Red Velvet Banana Bread
A lot of people ask me where I get my inspiration for recipes. And the answer to that question isn’t any one black or white answer. Inspiration comes from all over the place.
But I can tell you that a LOT of my inspiration comes from the collection posts my contributors put together (which are posted on Friday evenings). And I find myself browsing through one of these posts more often than most: 100+ Cake Mix Recipes.
I know that not everyone is a fan of the cake mix, but I am. I like cake mix cakes and cupcakes, and I like all of the other fun recipes you can create with a cake mix. So I get a lot of my recipe inspiration from that post, looking at cake mix recipes lots of other talented bakers have created.
Listed in that favorite post of mine, there is a recipe from Real Mom Kitchen for Banana Bread. She used a Butter Pecan cake mix… which is where my idea for red velvet banana bread originated.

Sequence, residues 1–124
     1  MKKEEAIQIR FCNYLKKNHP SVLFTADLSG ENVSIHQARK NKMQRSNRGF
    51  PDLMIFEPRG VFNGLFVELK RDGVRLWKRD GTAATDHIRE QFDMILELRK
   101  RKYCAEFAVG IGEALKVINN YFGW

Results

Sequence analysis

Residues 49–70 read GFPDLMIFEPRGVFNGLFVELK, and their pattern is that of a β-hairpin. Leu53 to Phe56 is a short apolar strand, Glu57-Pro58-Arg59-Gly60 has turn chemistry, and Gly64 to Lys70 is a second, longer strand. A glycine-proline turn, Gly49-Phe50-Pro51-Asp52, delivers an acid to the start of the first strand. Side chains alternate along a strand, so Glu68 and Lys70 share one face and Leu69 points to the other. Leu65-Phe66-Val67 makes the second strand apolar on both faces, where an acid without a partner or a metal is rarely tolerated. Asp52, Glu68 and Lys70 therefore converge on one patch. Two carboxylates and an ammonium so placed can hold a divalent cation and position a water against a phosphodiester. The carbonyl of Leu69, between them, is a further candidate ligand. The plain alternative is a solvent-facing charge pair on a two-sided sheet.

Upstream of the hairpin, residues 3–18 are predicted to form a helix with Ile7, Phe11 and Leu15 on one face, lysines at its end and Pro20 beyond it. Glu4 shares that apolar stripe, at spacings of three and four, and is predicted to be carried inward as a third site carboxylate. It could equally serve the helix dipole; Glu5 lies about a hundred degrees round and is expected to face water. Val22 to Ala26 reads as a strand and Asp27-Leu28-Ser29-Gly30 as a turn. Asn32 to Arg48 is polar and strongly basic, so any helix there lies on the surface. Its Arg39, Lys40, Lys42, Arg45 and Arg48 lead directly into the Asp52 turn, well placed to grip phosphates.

I went back and forth over whether or not I would actually make it. Not because I was worried about how it would taste (it’s practically just chocolate + banana, and we know that works, right!?), but because I had no idea how my readers were going to respond!
I mean… doesn’t red velvet banana bread just sound… iffy to you? Sort of weird, right?
Ok. I get that.
But it’s not weird. Seriously. It’s SO GOOD.
Like… where-have-you-been-all-my-life kind of good. And it doesn’t just taste like chocolate banana bread. The cake mix really gives the bread a distinct red velvet flavor.
And ohmygosh is this bread so moist! I know half of you cringe at the word, but ‘moist’ belongs with banana bread, even if it doesn’t belong anywhere else. So know that I’m using the word in the best of ways.
>>Before you run off to bake up your own loaf, be sure to take note of the loaf pan size that I used (9x5x3). This is a big deal with batter breads– using the right sized pan. It’s a pretty standard sized loaf pan, so most of you probably have it. But take a second to make sure. And if your pan is slightly smaller, use a little less batter (only fill the pan about 3/4 full). Otherwise you’ll end up with an under-baked center and burnt top! If your pan is a little larger, start checking your bread a little earlier than the time recommended below.